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Theorem List for Intuitionistic Logic Explorer - 9201-9300   *Has distinct variable group(s)
TypeLabelDescription
Statement

Theoremredivapd 9201 Real part of a division. Related to remul2 9101. (Contributed by Jim Kingdon, 15-Jun-2020.)
(φA ℝ)    &   (φB ℂ)    &   (φA # 0)       (φ → (ℜ‘(B / A)) = ((ℜ‘B) / A))

Theoremimdivapd 9202 Imaginary part of a division. Related to remul2 9101. (Contributed by Jim Kingdon, 15-Jun-2020.)
(φA ℝ)    &   (φB ℂ)    &   (φA # 0)       (φ → (ℑ‘(B / A)) = ((ℑ‘B) / A))

Theoremcrred 9203 The real part of a complex number representation. Definition 10-3.1 of [Gleason] p. 132. (Contributed by Mario Carneiro, 29-May-2016.)
(φA ℝ)    &   (φB ℝ)       (φ → (ℜ‘(A + (i · B))) = A)

Theoremcrimd 9204 The imaginary part of a complex number representation. Definition 10-3.1 of [Gleason] p. 132. (Contributed by Mario Carneiro, 29-May-2016.)
(φA ℝ)    &   (φB ℝ)       (φ → (ℑ‘(A + (i · B))) = B)

3.6.2  Square root; absolute value

Syntaxcsqrt 9205 Extend class notation to include square root of a complex number.
class

Syntaxcabs 9206 Extend class notation to include a function for the absolute value (modulus) of a complex number.
class abs

Definitiondf-rsqrt 9207* Define a function whose value is the square root of a nonnegative real number.

Defining the square root for complex numbers has one difficult part: choosing between the two roots. The usual way to define a principal square root for all complex numbers relies on excluded middle or something similar. But in the case of a nonnegative real number, we don't have the complications presented for general complex numbers, and we can choose the nonnegative root.

(Contributed by Jim Kingdon, 23-Aug-2020.)

√ = (x ℝ ↦ (y ℝ ((y↑2) = x 0 ≤ y)))

Definitiondf-abs 9208 Define the function for the absolute value (modulus) of a complex number. (Contributed by NM, 27-Jul-1999.)
abs = (x ℂ ↦ (√‘(x · (∗‘x))))

Theoremsqrtrval 9209* Value of square root function. (Contributed by Jim Kingdon, 23-Aug-2020.)
(A ℝ → (√‘A) = (x ℝ ((x↑2) = A 0 ≤ x)))

Theoremabsval 9210 The absolute value (modulus) of a complex number. Proposition 10-3.7(a) of [Gleason] p. 133. (Contributed by NM, 27-Jul-1999.) (Revised by Mario Carneiro, 7-Nov-2013.)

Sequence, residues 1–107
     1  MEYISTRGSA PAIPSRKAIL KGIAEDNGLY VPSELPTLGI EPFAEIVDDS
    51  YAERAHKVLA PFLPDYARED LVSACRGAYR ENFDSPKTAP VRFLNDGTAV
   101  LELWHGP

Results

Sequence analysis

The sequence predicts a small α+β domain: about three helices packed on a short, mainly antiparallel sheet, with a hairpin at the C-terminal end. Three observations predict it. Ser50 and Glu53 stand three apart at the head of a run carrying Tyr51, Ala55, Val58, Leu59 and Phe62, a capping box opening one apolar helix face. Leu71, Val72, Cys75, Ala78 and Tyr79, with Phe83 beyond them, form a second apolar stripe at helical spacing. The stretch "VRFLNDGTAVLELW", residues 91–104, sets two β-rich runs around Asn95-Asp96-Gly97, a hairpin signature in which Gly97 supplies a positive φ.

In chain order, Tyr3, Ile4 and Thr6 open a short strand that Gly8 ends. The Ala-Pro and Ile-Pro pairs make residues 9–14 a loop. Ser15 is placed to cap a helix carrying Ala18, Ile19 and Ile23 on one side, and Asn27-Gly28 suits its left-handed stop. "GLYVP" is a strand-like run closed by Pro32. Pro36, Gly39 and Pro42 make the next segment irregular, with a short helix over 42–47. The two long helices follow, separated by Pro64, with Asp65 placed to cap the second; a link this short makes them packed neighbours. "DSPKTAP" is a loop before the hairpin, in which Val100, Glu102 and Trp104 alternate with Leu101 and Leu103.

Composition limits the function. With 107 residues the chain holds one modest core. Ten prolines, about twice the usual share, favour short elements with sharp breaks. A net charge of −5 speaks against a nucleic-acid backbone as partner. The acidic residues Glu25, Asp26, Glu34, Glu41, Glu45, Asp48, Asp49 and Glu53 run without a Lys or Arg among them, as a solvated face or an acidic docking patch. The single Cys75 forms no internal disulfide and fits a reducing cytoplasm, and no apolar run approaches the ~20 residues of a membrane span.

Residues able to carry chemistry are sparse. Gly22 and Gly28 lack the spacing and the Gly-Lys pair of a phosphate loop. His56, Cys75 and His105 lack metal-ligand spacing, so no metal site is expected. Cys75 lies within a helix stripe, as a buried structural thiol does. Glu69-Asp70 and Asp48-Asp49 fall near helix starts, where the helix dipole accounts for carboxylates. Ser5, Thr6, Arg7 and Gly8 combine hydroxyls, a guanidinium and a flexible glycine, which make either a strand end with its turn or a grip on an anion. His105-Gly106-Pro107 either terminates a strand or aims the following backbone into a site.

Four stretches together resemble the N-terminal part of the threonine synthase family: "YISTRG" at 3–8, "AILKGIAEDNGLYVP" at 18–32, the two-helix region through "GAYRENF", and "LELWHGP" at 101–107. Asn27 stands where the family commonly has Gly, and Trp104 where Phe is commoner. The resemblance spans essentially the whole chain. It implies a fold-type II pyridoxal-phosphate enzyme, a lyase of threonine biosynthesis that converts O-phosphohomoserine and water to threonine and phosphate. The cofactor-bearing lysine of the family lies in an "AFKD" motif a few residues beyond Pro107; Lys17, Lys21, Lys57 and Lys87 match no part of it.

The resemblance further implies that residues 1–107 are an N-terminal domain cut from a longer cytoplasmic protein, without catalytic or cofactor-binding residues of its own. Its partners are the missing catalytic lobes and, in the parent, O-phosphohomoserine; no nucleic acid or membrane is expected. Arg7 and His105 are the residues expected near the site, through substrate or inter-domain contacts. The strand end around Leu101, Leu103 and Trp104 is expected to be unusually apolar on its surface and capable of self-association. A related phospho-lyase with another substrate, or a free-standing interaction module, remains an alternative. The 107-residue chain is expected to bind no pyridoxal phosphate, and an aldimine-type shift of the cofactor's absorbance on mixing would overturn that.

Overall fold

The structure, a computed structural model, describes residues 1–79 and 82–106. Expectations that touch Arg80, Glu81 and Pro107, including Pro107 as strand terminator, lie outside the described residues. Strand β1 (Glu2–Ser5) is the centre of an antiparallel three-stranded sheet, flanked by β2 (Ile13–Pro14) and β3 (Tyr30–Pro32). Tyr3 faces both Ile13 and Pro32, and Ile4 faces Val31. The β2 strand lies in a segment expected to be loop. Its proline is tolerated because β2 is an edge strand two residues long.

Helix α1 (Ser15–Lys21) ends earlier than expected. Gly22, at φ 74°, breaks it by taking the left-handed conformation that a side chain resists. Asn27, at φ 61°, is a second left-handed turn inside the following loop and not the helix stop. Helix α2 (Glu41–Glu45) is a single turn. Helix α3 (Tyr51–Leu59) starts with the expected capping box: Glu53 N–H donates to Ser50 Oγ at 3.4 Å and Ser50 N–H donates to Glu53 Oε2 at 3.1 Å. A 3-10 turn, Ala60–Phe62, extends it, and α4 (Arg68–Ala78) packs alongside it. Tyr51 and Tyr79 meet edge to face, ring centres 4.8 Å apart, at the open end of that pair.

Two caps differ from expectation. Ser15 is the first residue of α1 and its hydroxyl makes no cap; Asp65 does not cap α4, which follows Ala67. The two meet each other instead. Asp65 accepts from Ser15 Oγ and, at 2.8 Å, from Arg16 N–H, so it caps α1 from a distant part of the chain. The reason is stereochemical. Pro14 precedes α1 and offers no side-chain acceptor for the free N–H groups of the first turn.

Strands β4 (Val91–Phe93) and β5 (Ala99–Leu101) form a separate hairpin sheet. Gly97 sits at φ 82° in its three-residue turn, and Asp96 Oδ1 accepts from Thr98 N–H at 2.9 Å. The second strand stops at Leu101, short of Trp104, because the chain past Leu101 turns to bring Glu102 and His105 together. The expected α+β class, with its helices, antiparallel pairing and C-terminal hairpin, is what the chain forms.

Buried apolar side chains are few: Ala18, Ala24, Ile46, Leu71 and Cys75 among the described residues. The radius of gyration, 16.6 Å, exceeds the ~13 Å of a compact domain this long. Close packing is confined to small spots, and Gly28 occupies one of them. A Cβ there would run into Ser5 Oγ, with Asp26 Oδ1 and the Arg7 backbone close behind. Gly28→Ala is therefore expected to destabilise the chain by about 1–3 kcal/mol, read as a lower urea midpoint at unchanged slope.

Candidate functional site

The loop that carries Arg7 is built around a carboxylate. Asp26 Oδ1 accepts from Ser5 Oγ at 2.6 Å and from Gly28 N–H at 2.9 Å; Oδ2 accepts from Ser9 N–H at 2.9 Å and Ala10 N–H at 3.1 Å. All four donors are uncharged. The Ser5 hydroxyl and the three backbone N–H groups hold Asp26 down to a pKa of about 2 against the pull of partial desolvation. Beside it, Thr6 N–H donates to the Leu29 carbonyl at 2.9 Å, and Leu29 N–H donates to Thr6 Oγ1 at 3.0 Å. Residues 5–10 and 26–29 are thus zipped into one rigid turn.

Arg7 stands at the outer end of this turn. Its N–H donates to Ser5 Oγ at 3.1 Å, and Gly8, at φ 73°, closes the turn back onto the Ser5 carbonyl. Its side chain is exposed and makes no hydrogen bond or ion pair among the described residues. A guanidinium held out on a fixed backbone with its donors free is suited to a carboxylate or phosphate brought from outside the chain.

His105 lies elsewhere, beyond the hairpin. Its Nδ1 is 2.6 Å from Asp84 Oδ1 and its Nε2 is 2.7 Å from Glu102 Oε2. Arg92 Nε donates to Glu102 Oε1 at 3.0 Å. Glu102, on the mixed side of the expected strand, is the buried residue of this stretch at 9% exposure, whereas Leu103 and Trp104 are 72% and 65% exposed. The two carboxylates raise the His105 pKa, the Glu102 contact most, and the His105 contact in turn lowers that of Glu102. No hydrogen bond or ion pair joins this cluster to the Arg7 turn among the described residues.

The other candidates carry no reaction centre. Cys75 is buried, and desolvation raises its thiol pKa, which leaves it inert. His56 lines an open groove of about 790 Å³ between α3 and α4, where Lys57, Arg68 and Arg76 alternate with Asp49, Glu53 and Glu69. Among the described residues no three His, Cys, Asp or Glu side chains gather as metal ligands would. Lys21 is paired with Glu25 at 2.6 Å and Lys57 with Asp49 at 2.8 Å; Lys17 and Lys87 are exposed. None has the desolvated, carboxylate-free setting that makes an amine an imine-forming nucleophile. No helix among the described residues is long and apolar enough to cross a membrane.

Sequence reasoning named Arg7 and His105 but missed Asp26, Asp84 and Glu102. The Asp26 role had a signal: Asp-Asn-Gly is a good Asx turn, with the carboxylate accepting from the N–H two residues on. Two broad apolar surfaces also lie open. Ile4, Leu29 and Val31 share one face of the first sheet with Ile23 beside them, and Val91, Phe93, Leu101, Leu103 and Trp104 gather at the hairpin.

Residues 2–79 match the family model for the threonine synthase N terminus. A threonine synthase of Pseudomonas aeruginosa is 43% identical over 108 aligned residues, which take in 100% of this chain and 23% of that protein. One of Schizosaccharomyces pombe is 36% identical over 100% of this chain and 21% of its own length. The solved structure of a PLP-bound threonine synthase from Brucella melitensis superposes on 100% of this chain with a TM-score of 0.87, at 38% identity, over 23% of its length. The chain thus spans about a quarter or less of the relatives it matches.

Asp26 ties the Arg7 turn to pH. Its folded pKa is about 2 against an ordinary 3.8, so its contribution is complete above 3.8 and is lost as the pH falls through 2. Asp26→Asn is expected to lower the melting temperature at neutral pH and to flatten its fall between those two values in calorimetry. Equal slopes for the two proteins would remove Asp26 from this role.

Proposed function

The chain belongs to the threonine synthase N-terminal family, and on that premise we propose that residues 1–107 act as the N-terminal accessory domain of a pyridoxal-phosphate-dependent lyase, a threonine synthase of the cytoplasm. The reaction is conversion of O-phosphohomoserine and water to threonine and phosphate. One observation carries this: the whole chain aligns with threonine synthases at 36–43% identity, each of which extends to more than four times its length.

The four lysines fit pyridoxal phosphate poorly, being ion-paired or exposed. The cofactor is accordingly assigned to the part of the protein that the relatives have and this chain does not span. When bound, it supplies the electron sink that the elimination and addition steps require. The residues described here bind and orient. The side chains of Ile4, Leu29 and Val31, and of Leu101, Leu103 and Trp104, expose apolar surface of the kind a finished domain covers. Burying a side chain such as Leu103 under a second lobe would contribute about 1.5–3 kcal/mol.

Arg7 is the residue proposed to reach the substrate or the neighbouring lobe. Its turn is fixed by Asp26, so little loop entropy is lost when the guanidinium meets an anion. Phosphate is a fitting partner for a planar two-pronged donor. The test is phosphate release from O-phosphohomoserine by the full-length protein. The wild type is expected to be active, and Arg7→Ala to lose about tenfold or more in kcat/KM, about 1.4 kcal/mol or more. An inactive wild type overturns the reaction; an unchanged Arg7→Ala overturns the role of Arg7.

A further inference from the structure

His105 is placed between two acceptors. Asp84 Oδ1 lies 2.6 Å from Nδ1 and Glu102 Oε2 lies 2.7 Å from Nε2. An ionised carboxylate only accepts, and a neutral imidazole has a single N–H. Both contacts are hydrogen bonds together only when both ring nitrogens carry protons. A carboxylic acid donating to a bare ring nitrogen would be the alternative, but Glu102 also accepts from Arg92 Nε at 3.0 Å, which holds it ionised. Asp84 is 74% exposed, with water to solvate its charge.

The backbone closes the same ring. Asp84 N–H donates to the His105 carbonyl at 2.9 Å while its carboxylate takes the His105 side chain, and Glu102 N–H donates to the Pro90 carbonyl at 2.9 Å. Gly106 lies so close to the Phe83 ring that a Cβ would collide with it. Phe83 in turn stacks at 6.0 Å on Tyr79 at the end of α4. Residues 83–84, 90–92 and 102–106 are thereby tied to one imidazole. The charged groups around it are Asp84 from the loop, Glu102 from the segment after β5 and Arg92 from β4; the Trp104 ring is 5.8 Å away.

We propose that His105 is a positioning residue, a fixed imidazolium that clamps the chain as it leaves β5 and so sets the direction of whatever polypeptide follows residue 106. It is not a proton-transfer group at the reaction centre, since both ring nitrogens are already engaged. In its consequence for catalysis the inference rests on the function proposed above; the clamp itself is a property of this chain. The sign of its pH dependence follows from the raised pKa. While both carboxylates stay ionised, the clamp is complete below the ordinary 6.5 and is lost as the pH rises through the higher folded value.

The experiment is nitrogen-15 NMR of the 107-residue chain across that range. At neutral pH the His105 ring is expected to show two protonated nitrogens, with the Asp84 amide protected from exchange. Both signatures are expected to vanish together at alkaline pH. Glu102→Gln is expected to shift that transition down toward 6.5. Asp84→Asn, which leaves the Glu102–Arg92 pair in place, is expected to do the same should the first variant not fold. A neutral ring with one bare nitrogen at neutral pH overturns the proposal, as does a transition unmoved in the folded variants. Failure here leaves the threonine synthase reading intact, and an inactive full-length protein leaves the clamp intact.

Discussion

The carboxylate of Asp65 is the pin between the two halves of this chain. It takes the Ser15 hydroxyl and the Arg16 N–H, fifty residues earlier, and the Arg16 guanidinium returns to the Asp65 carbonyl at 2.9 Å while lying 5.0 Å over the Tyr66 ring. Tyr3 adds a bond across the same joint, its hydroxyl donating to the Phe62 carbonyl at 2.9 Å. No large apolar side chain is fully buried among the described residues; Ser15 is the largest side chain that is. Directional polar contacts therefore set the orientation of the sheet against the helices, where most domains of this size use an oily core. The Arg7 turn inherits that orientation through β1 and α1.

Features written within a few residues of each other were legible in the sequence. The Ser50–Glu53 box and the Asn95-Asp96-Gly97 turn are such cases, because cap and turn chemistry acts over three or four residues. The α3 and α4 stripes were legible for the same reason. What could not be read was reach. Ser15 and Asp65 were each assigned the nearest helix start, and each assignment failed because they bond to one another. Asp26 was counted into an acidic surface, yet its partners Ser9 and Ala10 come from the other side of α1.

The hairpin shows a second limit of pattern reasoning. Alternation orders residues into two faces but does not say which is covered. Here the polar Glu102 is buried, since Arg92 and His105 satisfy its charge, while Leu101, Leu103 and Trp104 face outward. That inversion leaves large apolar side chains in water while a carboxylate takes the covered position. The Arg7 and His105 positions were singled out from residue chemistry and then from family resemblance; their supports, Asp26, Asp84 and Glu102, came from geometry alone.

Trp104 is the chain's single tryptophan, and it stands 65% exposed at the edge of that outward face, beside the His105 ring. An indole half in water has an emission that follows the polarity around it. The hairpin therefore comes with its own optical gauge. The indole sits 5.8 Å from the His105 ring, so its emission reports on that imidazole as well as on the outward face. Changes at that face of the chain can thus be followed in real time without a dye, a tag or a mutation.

(A ℂ → (abs‘A) = (√‘(A · (∗‘A))))

Theoremrennim 9211 A real number does not lie on the negative imaginary axis. (Contributed by Mario Carneiro, 8-Jul-2013.)
(A ℝ → (i · A) ∉ ℝ+)

Theoremsqrt0rlem 9212 Lemma for sqrt0 9213. (Contributed by Jim Kingdon, 26-Aug-2020.)
((A ((A↑2) = 0 0 ≤ A)) ↔ A = 0)

Theoremsqrt0 9213 Square root of zero. (Contributed by Mario Carneiro, 9-Jul-2013.)
(√‘0) = 0

Theoremsqrtsq 9214 Square root of square. (Contributed by NM, 14-Jan-2006.) (Revised by Mario Carneiro, 29-May-2016.)
((A 0 ≤ A) → (√‘(A↑2)) = A)

Theoremsqrtmsq 9215 Square root of square. (Contributed by NM, 2-Aug-1999.) (Revised by Mario Carneiro, 29-May-2016.)
((A 0 ≤ A) → (√‘(A · A)) = A)

Theoremsqrt1 9216 The square root of 1 is 1. (Contributed by NM, 31-Jul-1999.)
(√‘1) = 1

Theoremsqrt4 9217 The square root of 4 is 2. (Contributed by NM, 3-Aug-1999.)
(√‘4) = 2

Theoremsqrt9 9218 The square root of 9 is 3. (Contributed by NM, 11-May-2004.)
(√‘9) = 3

Theoremabsneg 9219 Absolute value of negative. (Contributed by NM, 27-Feb-2005.)
(A ℂ → (abs‘-A) = (abs‘A))

Theoremabscj 9220 The absolute value of a number and its conjugate are the same. Proposition 10-3.7(b) of [Gleason] p. 133. (Contributed by NM, 28-Apr-2005.)
(A ℂ → (abs‘(∗‘A)) = (abs‘A))

Theoremabsval2 9221 Value of absolute value function. Definition 10.36 of [Gleason] p. 133. (Contributed by NM, 17-Mar-2005.)
(A ℂ → (abs‘A) = (√‘(((ℜ‘A)↑2) + ((ℑ‘A)↑2))))

Theoremabs0 9222 The absolute value of 0. (Contributed by NM, 26-Mar-2005.) (Revised by Mario Carneiro, 29-May-2016.)
(abs‘0) = 0

Theoremabsi 9223 The absolute value of the imaginary unit. (Contributed by NM, 26-Mar-2005.)
(abs‘i) = 1

Theoremabs00bd 9224 If a complex number is zero, its absolute value is zero. (Contributed by David Moews, 28-Feb-2017.)
(φA = 0)       (φ → (abs‘A) = 0)

Theoremabsid 9225 A nonnegative number is its own absolute value. (Contributed by NM, 11-Oct-1999.) (Revised by Mario Carneiro, 29-May-2016.)
((A 0 ≤ A) → (abs‘A) = A)

Theoremabs1 9226 The absolute value of 1. Common special case. (Contributed by David A. Wheeler, 16-Jul-2016.)
(abs‘1) = 1

Theoremabsnid 9227 A negative number is the negative of its own absolute value. (Contributed by NM, 27-Feb-2005.)
((A A ≤ 0) → (abs‘A) = -A)

Theoremabsre 9228 Absolute value of a real number. (Contributed by NM, 17-Mar-2005.)
(A ℝ → (abs‘A) = (√‘(A↑2)))

Theoremnn0abscl 9229 The absolute value of an integer is a nonnegative integer. (Contributed by NM, 27-Feb-2005.)
(A ℤ → (abs‘A) 0)

Theoremzabscl 9230 The absolute value of an integer is an integer. (Contributed by Stefan O'Rear, 24-Sep-2014.)
(A ℤ → (abs‘A) ℤ)

PART 4  GUIDES AND MISCELLANEA

4.1  Guides (conventions, explanations, and examples)

4.1.1  Conventions

This section describes the conventions we use. However, these conventions often refer to existing mathematical practices, which are discussed in more detail in other references. The following sources lay out how mathematics is developed without the law of the excluded middle. Of course, there are a greater number of sources which assume excluded middle and most of what is in them applies here too (especially in a treatment such as ours which is built on first order logic and set theory, rather than, say, type theory). Studying how a topic is treated in the Metamath Proof Explorer and the references therein is often a good place to start (and is easy to compare with the Intuitionistic Logic Explorer). The textbooks provide a motivation for what we are doing, whereas Metamath lets you see in detail all hidden and implicit steps. Most standard theorems are accompanied by citations. Some closely followed texts include the following: